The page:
Hospital prices rise in vast majority of U.S. cities

Eighty-two percent of cities or geographic regions in the United States have seen their hospital prices rise between 2011 and 2013, according to NJ.com

That's based on data compiled by the website and healthcare price transparency service BetterDoctor.com. "People generally use the healthcare facilities around where they live, so living in a city where hospital costs are under control is extremely important," BetterDoctor explained on its website.

According to its list, areas in Ohio and Massachusetts had the five biggest hospital price increases. Canton, Ohio, led with an increase of more than 39 percent. That was far higher than in Springfield, Massachusetts, where prices rose 18.4 percent.

Hospital price increases are nothing new to healthcare. They did drop modestly last January, for the first time since the federal government began keeping records nearly 20 years ago.

And there is some rationale as to why states such as Massachusetts have seen the biggest price increases among their hospitals: A recent study indicated that facilities that charged more made more money. 

However, there were 32 cities or geographic areas where prices actually decreased during the two-year time period. Casper, Wyoming, led the pack, with a price decrease of 8.3 percent. Morristown, New Jersey, was second with a drop of 4.4 percent. It was one of two cities in New Jersey that saw decreases, although a significant proportion of the group was in Southern states.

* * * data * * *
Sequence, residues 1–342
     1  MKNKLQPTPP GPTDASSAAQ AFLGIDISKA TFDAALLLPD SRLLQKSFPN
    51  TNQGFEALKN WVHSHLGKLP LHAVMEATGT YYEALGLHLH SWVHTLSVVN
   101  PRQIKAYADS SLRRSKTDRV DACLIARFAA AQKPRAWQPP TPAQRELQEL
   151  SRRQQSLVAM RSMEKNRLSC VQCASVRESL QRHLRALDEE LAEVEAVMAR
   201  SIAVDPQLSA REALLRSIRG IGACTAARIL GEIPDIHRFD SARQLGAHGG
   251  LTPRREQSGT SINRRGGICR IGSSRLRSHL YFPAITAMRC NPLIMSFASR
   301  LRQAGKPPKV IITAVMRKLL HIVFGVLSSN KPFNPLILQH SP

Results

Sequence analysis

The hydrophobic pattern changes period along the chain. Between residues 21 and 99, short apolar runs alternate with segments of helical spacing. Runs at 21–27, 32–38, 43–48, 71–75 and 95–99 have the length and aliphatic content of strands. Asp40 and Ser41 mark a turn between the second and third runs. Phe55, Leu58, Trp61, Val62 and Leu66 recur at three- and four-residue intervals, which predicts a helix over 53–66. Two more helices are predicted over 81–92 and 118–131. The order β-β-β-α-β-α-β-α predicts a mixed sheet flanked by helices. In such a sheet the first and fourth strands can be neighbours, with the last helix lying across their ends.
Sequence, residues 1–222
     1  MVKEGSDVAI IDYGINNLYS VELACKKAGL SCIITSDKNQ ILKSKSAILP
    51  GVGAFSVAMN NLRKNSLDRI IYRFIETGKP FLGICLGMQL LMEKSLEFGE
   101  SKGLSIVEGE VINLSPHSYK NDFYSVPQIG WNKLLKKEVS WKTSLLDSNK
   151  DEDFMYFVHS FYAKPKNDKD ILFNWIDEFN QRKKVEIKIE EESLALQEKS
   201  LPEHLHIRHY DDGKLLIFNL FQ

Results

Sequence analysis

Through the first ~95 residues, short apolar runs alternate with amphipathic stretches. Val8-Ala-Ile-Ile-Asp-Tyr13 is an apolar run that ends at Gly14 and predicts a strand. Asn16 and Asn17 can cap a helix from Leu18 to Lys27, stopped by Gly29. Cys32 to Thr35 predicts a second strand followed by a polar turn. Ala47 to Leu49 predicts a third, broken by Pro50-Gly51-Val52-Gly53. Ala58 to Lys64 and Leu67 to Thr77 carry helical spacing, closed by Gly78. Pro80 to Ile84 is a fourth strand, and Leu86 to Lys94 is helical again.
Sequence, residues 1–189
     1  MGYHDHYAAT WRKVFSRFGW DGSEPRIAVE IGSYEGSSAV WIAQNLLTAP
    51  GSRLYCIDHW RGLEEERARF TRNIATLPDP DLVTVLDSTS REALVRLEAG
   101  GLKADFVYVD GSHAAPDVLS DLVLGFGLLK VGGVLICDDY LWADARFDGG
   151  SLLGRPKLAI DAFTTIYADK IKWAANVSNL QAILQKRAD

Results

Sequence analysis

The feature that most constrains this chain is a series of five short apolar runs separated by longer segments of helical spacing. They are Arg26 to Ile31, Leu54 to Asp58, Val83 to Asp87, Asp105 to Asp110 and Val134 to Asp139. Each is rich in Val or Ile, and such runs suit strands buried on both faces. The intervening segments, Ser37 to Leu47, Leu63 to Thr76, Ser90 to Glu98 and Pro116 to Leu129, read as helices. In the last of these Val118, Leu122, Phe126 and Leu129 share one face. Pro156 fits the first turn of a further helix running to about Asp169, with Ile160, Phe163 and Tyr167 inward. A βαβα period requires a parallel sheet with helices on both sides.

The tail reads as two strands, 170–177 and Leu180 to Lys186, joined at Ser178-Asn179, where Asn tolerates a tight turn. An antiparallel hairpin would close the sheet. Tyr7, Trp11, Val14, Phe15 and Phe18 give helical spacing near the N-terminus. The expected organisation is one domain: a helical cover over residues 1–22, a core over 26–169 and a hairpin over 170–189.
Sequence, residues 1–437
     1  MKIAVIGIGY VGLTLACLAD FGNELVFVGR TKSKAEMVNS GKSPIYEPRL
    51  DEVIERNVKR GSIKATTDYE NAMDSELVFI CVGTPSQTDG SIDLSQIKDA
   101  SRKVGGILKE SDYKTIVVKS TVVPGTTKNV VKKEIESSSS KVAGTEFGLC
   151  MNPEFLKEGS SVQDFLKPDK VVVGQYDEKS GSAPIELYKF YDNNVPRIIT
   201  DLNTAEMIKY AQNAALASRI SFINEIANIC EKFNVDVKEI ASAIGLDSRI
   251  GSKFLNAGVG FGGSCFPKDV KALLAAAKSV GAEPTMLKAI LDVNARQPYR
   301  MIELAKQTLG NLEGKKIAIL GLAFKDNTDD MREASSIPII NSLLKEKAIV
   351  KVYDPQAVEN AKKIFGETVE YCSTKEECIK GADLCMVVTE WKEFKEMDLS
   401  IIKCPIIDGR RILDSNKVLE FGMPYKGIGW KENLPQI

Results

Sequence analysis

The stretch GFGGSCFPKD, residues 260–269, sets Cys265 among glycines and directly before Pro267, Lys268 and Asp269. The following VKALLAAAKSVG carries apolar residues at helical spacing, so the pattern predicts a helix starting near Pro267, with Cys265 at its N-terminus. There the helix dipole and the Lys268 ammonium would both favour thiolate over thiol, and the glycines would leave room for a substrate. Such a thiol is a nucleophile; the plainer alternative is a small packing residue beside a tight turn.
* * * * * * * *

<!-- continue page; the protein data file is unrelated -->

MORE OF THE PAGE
Some providers, such the New Jersey-based Atlantic Health System, have made efforts to keep prices low, according to NJ.com.

"We've been watching these efforts, and although they don't happen overnight, they're really begin to start taking hold," David Shulkin, a vice president with the Atlantic Health System, told the publication. "We're finally starting to see it bear fruit."

To learn more:
- read the NJ.com article 
- check out the BetterDoctor.com list

Suggested Articles

Hospital system second quarter earnings illustrated just how pivotal a $175 billion provider relief fund was to offsetting major COVID-19 loss

Medicare Part D plans largely design their formularies to encourage use of generics, despite some criticism to the contrary, a new study shows.

Federal health officials released a proposed rule late Monday for 2021 Medicare payment rates and changes to the Merit-based Incentive Payment System.